Dual Nationality in China and Beyond

Tomorrow, March 17, I will be a panelist at a Washington State Bar Association (WSBA) event on dual nationality, together with Dr. Dana Raigrodski and David Freeburg. Registration is FREE for everyone and the event is approved for CLE credit in Washington State.

Click HERE to register!

The event’s scheduling on St. Patrick’s Day is no coincidence. Ireland encourages the children and grandchildren of Irish citizens to become Irish citizens themselves. During the event we will take a look at Ireland and ther countries in Europe that follow the Emerald Isle’s example, such as Italy and Poland.

Ireland’s model is a marked contrast to China’s. Despite the importance of Chinese ethnicity to the authorities in the People’s Republic of China, developing links through dual nationality is not really a part of efforts to connect with the Chinese diaspora. In fact, China does not even allow its emigrants to hold on to Chinese nationality if they naturalize elsewhere. Yet in practice this is often of little import, as China’s prohibitions do not bind other countries, which can go ahead and grant nationality to Chinese immigrants.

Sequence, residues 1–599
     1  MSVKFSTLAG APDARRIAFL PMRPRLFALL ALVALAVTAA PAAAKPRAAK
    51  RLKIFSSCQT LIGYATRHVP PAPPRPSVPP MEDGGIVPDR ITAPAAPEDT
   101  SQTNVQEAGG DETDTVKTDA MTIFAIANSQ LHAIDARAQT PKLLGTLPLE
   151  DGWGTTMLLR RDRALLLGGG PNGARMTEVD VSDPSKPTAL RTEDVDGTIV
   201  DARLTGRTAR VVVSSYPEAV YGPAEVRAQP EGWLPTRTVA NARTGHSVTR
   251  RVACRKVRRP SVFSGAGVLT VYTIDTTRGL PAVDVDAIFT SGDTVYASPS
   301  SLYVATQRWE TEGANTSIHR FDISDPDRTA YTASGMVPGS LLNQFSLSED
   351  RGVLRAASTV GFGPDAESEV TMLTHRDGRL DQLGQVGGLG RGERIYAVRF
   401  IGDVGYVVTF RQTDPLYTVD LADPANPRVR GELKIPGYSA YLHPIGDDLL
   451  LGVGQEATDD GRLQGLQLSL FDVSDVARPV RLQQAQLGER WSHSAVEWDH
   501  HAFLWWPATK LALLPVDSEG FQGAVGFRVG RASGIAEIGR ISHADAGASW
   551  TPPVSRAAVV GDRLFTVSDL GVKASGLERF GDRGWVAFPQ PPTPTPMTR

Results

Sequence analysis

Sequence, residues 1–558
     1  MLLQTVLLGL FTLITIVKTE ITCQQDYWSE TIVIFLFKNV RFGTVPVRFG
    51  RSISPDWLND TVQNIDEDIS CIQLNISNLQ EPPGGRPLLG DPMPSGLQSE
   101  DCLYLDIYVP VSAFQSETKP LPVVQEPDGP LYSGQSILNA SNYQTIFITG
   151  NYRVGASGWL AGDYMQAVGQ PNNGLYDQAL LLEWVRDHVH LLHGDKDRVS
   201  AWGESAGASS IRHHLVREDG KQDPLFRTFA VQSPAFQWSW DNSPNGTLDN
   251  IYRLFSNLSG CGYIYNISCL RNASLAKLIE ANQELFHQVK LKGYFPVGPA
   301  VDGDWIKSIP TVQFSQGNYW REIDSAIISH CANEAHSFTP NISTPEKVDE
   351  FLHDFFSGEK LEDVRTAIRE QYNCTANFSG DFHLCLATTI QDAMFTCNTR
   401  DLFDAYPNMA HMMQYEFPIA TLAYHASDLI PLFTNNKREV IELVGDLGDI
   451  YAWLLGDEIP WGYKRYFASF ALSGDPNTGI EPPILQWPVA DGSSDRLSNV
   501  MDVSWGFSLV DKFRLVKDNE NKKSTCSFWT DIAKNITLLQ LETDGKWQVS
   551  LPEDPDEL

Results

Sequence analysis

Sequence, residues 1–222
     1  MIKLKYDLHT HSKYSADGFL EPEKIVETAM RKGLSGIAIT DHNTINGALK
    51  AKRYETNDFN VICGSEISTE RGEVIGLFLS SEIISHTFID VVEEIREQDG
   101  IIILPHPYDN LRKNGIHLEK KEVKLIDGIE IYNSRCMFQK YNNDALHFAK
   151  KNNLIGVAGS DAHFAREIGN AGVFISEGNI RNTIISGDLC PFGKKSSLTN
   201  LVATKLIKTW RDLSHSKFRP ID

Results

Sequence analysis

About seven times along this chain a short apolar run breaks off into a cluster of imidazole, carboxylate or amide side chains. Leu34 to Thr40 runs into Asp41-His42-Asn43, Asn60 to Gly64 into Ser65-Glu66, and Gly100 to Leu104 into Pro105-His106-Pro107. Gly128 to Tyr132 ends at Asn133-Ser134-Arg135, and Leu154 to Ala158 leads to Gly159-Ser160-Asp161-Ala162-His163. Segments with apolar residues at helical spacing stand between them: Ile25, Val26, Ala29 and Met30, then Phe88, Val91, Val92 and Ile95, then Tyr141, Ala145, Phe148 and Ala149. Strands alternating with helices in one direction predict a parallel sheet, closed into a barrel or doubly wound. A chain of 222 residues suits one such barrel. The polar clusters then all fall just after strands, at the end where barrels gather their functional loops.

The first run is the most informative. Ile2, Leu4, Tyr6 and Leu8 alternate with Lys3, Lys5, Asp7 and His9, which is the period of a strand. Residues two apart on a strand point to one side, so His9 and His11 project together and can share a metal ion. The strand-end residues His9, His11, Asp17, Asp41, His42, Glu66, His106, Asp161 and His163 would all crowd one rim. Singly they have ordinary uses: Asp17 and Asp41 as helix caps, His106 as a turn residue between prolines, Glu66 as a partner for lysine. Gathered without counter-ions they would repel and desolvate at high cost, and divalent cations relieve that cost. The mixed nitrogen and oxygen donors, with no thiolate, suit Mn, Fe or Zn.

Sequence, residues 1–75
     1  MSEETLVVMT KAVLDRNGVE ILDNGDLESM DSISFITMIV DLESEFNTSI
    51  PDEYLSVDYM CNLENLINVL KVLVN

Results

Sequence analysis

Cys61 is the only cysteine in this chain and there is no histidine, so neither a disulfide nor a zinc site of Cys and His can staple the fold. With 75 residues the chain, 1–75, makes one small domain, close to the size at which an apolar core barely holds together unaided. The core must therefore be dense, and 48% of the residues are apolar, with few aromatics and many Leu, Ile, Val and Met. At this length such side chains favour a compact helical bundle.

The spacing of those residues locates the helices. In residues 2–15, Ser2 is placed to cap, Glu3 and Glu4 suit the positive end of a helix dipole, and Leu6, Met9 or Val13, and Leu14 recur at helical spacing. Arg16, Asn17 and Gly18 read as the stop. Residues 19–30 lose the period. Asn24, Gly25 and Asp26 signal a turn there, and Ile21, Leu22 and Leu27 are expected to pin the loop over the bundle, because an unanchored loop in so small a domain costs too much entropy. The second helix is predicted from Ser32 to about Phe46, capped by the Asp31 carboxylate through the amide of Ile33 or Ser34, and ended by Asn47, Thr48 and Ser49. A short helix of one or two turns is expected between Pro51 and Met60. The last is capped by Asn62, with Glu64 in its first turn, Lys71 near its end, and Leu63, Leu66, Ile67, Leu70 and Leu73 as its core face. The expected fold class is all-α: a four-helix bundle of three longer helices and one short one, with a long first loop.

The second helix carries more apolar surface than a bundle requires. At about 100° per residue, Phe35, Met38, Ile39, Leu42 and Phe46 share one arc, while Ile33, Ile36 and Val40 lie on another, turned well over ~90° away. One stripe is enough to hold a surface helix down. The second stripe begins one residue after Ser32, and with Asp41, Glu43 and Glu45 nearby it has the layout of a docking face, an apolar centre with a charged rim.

While the United States does not prohibit its citizens from holding a second passport, there are still important considerations to be taken into account by Americans who hold or are contemplating dual nationality.

As a U.S. diplomat in China, I had first-hand experience with these issues. Often, U.S. citizens would enter China using Chinese travel documents, to avoid having to obtain a Chinese visa. Should those Americans find themselves under arrest, they were treated as Chinese, not entitled to U.S. consular protection.

Meanwhile, Chinese who are considering becoming U.S. citizens (or already are) need to be mindful of the tax considerations. Given worldwide taxation by the United States of its citizens, they may want to think twice about dual nationality, especially if a return to China is in the cards.

If you have any interest in dual nationality, you will not want to miss this event. Once again, registration is free and attorneys can get CLE credit.

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